Fonda Bryant's path to becoming a mental health advocate started with a personal crisis: In 1995, while living in Charlotte, North Carolina, she was struggling. Her appetite was non-existent, she was exhausted all of the time, and she willingly sought out isolation.
“I just thought, I've been working hard, I'm raising a son, I'm going to school. I had no idea I was struggling with a mental health condition,” Bryant tells Yahoo Life.
In fact, Bryant didn’t become aware of her depression until suicidal thoughts overwhelmed her on Valentine’s Day that same year.
“I was in so much pain, excruciating pain. People don't realize how much pain you're in because [the brain] is the most important organ in your body,” says Bryant. “I couldn't take it anymore. My apartment was immaculate. I had a plan. I wanted to make sure that when I implemented my plan, my son wouldn't find me, my brother would. And that would be the end of it. I wouldn't be in pain anymore.”
On the day of her planned suicide, Bryant called her aunt, Spankie, and offered up her shoe collection. Sensing that something was wrong, her aunt called her back and asked Bryant if she had plans to kill herself.
“I said yes,” recalls Bryant. “And she went into action, like a superhero.”
Soon after, there was a knock at the door and Bryant came face to face with a Charlotte police officer who had come to escort her to a mental health facility. After some slight resistance, she agreed to go with him — a choice that saved her life.
“I tell people all the time: 'We're not weak. We're not selfish. We're not crazy. We just want that excruciating pain to go away in that moment,'” says Bryant of those driven to suicidal thoughts.
It was that pivotal day, coupled with a second bout of depression in 2014, that inspired Bryant to help others. Today she runs the nonprofit Wellness Action Recovery (WAR), which has a mission to spread awareness of mental health and suicide prevention. While WAR programming is open to everyone, Bryant specifically focuses on the Black community, highlighting the message that mental health does not have to be a silent struggle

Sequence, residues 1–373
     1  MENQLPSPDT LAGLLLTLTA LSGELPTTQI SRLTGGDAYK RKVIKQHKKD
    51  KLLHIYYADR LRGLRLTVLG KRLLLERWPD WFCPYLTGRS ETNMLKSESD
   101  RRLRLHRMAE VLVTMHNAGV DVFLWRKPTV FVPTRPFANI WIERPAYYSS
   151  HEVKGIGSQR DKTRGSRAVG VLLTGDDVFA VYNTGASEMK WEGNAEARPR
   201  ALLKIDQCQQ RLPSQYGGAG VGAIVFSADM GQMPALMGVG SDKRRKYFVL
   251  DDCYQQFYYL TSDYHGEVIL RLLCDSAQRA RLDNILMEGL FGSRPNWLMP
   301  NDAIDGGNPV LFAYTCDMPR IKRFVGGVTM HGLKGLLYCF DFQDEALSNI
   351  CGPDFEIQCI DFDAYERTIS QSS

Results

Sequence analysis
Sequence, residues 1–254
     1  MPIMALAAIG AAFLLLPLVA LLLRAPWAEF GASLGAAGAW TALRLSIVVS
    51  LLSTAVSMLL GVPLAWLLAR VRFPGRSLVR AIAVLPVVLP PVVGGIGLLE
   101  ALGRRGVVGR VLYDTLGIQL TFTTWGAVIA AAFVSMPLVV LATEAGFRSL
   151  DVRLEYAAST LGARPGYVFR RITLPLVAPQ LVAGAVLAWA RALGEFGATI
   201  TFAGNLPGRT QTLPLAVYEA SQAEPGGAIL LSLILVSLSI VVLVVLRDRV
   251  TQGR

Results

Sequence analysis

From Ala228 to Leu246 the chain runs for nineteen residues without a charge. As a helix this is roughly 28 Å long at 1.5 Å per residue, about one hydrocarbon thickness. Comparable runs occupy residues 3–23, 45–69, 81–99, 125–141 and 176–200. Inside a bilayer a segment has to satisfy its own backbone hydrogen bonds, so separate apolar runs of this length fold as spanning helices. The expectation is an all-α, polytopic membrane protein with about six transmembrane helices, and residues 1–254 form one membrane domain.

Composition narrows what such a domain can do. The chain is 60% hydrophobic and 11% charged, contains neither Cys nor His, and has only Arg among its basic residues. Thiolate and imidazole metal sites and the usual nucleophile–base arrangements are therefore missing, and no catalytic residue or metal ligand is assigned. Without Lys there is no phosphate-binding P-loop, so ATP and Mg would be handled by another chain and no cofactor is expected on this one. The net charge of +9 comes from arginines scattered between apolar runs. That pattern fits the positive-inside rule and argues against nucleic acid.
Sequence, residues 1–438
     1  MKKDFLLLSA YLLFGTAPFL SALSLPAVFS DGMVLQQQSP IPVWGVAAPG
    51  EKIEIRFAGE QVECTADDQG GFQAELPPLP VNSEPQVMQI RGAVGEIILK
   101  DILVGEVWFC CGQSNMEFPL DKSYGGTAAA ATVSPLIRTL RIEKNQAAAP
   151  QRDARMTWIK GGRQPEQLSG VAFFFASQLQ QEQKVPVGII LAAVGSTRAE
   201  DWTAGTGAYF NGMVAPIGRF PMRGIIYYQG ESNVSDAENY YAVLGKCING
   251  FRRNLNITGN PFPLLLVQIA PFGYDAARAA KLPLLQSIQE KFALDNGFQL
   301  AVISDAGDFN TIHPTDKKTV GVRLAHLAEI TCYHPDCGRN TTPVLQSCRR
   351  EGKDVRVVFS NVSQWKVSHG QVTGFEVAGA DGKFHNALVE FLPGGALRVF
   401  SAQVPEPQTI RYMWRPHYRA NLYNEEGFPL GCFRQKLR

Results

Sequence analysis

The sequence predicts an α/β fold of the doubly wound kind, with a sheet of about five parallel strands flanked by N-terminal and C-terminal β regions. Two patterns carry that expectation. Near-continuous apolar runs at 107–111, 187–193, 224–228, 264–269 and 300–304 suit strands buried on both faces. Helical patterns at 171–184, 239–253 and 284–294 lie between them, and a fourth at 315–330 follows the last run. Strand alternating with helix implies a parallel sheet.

“You know in the Black culture, the way we’ve been raised, you pray about it," she says. "Don't claim it, give it to God. It's a sign of weakness, and in my family, like so many other families in the Black culture, we never talked about it. And when we did, it was never anything really positive."
Bryant adds, “Mental health does not discriminate, and culture matters. The biggest thing with the Black community is letting them know that mental health is real, that we can recover, and we can get better.”
According to the Centers for Disease Control and Prevention, a person in the U.S. dies by suicide every 11 minutes, and one in five Americans struggles with mental health. Through her work, Bryant knows that people often don't seek help because of the shame and stigma around mental health. That's why she became certified to teach a suicide-prevention method known as QPR — Question, Persuade, Refer. The two-hour training teaches people how to recognize if someone is suicidal, what to say, what not to say and how to connect them to resources for help.
“Most people are training in CPR to help someone having a heart attack or stroke. QPR is the same, but it’s for a person in crisis mentally, or suicidal,” says Bryant."If we talk about it, we can stop it. If we ask that person the suicide question, it lowers anxiety, and gives the person a chance to open up and share what's going on with them. And it gives us a chance to help them.”
By learning about the resources available ahead of time (such as mobile crisis units and walk-in services), Bryant says that we can all play our part in keeping ourselves and those we love safe and healthy.
Back in 1995, Bryant felt alone and unsure of what to do or where to turn. Today, through programs and a podcast, she's using WAR to help those in pain find hope.
“You never know what someone is going through. A smile can hide a lot of pain,” says Bryant. “Suicide is everybody’s business, and anyone can prevent the tragedy of suicide.”
—Video produced by Jacquie Cosgrove
If you or someone you know is experiencing suicidal thoughts, call 911, or call the National Suicide Prevention Lifeline at 1-800-273-8255 or text HOME to the Crisis Text Line at 741741.
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